Halifax Civic Trust and the Campaign to Save the Northgate Library
Statement by Dr John Hargreaves, Chair of Halifax Civic Trust following CMBC Council vote to demolish Calderdale Central Library on 28 November 2012
This is a deeply regrettable decision taken in the face of intensive and extensive public opposition. The controlling Labour-Liberal Democrat group failed even to convince all of their own supporters of the merits of their case with one former Liberal Democrat Mayor abstaining and another Liberal Democrat councillor voting against the proposal and others privately expressing their doubts to members of DBOL. Councillor after councillor criticised the scheme on the grounds of the excessive costs of relocation over refurbishment, which would impact on other council expenditure priorities, necessitate massive prudential borrowing, adversely affect access to the library for older people and jeopardise the lifelong learning opportunities of large sections of the local community. The council should consider the implications of their controversial decision and abandon this ill-conceived, costly and unnecessary scheme.
DBOL Protest at Calderdale Central Library and Archives 22 November 2012
Statement by Halifax Civic Trust Chairman Dr John Hargreaves
Halifax Civic Trust supported DBOL’s protest outside Calderdale Central Library on the morning of November 22nd, and has campaigned consistently for retention of the Library and Archive on its conveniently accessible Northgate site.
We are protesting against the unnecessary demolition of the finest combined purpose built Archive, Library and Meeting Room facilities in West Yorkshire, which have not yet been open for thirty years and which remain fit for purpose.
They are hugely valued by all sections of the community and especially mothers with young children, members of Calderdale’s ethnic minority communities and older people with mobility problems on account of their convenient location next to the town’s bus station, the hub of public transport across Calderdale.
Library users have made their support for retention of the existing facilities at Northgate abundantly clear not least in their support for the DBOL petition to Parliament which attracted almost 17,000 signatures and most recently in their responses to the open consultation within the Ipsos Mori survey commissioned by CMBC.
We have challenged the one-sided introduction to the IM consultation questionnaire, the diffuse and the unclear wording of key questions, which failed to provide respondents with an opportunity to express a clear preference on the issue of location and the selective reporting of its results by CMBC.
We are concerned that downsizing of the facilities and re-location to a less conveniently accessible site will undermine service provision, synergies between meeting rooms and special collections and jeopardise the life-long learning opportunities for some of the most vulnerable sections of Calderdale’s communities.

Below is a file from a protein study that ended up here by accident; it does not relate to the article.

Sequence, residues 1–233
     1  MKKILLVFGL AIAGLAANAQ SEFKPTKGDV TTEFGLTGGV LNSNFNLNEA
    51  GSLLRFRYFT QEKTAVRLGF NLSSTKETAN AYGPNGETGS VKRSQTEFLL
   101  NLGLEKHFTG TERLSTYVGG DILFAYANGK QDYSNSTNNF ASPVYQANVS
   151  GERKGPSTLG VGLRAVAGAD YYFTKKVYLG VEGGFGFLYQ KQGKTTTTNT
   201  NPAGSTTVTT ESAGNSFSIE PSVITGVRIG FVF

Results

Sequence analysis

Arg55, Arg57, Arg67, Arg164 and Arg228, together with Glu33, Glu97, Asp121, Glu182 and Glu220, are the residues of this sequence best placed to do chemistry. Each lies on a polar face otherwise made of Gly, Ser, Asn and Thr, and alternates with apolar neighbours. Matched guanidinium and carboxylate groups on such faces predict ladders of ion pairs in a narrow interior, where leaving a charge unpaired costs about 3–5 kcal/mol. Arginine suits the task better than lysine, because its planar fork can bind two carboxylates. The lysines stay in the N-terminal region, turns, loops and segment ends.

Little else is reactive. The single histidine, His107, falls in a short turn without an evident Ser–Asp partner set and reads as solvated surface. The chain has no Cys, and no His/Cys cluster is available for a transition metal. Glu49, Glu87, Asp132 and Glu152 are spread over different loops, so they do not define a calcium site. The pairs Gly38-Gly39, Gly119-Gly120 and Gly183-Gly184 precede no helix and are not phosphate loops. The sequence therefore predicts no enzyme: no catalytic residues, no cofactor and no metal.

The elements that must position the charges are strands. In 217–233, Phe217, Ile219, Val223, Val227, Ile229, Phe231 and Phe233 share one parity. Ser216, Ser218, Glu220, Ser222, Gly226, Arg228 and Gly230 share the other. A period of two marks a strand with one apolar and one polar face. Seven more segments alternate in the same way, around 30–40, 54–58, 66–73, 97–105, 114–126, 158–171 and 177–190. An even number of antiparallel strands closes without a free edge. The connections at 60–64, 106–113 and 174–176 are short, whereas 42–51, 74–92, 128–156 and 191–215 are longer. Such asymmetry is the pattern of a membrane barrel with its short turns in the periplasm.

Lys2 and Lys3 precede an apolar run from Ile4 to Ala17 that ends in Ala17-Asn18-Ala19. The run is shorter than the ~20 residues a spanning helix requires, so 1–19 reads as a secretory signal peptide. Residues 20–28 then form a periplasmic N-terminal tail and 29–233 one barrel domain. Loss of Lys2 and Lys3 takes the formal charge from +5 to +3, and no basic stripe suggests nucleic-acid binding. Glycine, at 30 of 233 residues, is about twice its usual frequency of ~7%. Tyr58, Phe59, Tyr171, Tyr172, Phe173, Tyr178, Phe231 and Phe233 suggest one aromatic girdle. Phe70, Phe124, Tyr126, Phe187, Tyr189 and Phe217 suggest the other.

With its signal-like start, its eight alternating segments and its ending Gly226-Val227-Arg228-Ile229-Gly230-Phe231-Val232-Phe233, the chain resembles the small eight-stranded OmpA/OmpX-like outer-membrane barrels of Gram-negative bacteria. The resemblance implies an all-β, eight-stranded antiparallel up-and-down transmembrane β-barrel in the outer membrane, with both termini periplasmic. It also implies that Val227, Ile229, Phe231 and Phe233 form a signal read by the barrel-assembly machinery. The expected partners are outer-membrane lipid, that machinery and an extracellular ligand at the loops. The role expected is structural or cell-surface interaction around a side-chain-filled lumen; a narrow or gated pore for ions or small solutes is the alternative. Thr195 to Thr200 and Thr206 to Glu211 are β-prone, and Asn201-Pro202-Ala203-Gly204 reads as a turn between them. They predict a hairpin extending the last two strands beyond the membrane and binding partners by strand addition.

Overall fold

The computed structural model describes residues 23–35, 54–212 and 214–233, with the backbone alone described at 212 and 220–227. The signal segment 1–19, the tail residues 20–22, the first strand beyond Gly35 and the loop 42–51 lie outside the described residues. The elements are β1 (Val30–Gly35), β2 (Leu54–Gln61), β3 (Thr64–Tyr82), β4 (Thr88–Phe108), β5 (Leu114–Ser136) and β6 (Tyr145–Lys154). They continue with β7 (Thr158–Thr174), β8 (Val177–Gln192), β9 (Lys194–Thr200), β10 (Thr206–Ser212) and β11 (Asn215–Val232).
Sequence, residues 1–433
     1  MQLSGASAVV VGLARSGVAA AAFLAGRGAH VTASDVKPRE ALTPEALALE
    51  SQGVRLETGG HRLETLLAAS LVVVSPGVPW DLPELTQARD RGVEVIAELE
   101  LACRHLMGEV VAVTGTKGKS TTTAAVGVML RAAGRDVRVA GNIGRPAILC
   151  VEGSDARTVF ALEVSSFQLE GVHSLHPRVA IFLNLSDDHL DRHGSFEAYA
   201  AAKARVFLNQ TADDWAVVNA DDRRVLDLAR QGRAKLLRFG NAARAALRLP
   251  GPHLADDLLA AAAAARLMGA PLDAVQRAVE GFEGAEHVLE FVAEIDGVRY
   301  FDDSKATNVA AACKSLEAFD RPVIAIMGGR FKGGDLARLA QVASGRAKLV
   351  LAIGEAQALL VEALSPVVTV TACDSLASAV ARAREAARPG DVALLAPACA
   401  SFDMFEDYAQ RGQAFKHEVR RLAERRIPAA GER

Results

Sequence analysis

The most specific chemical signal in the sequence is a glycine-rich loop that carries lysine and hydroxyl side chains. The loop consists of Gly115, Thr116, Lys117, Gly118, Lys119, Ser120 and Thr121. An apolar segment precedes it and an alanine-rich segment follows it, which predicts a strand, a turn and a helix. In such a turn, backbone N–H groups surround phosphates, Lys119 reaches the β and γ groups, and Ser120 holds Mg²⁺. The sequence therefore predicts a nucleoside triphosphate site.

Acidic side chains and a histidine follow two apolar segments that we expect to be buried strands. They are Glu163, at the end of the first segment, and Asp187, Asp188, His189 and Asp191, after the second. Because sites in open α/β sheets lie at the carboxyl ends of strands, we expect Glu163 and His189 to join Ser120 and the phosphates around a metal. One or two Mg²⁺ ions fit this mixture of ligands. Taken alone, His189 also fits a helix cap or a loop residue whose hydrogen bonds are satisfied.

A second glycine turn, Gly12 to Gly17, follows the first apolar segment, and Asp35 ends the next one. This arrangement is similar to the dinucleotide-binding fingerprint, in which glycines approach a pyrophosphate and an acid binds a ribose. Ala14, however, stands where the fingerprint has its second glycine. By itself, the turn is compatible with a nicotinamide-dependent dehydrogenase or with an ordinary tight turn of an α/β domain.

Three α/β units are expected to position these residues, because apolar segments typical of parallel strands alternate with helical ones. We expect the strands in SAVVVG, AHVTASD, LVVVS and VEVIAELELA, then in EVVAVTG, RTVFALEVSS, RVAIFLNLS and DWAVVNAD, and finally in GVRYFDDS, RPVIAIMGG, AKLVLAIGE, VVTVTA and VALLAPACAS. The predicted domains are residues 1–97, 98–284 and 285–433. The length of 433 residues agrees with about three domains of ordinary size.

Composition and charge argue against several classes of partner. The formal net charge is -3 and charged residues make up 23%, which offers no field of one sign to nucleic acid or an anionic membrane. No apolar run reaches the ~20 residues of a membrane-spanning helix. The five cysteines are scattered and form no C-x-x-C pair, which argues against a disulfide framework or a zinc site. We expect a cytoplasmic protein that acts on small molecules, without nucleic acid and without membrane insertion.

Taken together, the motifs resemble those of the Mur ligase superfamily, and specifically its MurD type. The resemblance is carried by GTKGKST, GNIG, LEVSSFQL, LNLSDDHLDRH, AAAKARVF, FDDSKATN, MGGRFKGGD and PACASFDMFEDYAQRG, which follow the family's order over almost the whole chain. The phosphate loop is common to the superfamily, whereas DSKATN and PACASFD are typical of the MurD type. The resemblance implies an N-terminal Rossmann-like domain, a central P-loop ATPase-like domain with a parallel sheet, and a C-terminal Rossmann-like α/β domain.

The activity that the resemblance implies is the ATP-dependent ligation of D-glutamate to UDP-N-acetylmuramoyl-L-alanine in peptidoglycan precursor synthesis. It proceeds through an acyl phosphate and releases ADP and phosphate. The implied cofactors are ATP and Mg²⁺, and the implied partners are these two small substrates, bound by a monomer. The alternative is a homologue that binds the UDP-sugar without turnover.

We are not opposed to appropriate retail development within the town centre but are opposed to the loss of a valued cultural asset occupying a relatively small section of the Northgate site. There are other opportunities for retail development around the existing Library building, on other disused town centre and peripheral sites and through the proposed re-development of the Pennine Shopping Centre to increase the retail offer. But we firmly believe that the vibrancy of the town centre as a shopping and tourist destination will be enhanced by retaining other non-retail attractions which augment the footfall and by ensuring that development is proportionate with the Halifax’s acclaimed historic townscape.
Message of support from Lady Antonia Fraser DBE for the campaign to retain Calderdale Central Library on its existing site at Northgate, Halifax
I was privileged to perform the official opening of the new Calderdale Central Library on its conveniently accessible, centrally located Northgate site in 1983 and to revisit the library on its tenth anniversary in 1993. I continue to treasure the paper weight which I was presented as a memento of the opening ceremony, which sits on my desk as a constant reminder to me of my participation in this landmark event for Halifax and Calderdale. On both occasions I was impressed by the fine purpose-built facilities. I would like to encourage members of the community to express their support in the current consultation for the retention of these excellent facilities, which are not yet thirty years old, on their existing site.
Lady Antonia Fraser, DBE
21 August 2012.
Letter from Dr John Hargreaves Chairman of Halifax Civic Trust, published in the Halifax Courier Friday August 31st
‘At last! A new home in the heart of town’ was the Halifax Courier headline which announced the opening of the new Calderdale Central Library in February 1983. It seems incredible that a mere twenty-nine years later we are contemplating its demolition and re-location to a less convenient location. The distinguished author Lady Antonia Fraser DBE who performed the opening ceremony and who is now publicly supporting the campaign to save the library has indicated how impressed she was on both her visits with its excellent, well-designed, purpose-built facilities. There are no more conveniently accessible combined library, archive, local studies and meeting room facilities anywhere in West Yorkshire.
The building remains one of Calderdale MBC’s greatest achievements and one of its most popular cultural assets. The 16,700 people who petitioned for its retention at Northgate in 2009 testified to that and the numbers signing more recent petitions have re-affirmed the value local people attach to this facility remaining on its existing site. Its conveniently accessible location adjoining the bus station is particularly valued by older people with mobility problems, but also by young mums and toddlers and students undertaking research in secondary and higher education. One older library supporter has described the library as her university and the library is probably the major contribution to life-long learning within the local community, which makes it all the more surprising that Cllr Ashley Evans (Your Say, 27 July) should be so eager to see it removed to a less favourable location which may impact negatively on its usage by some of those sections of the local community who value it the most.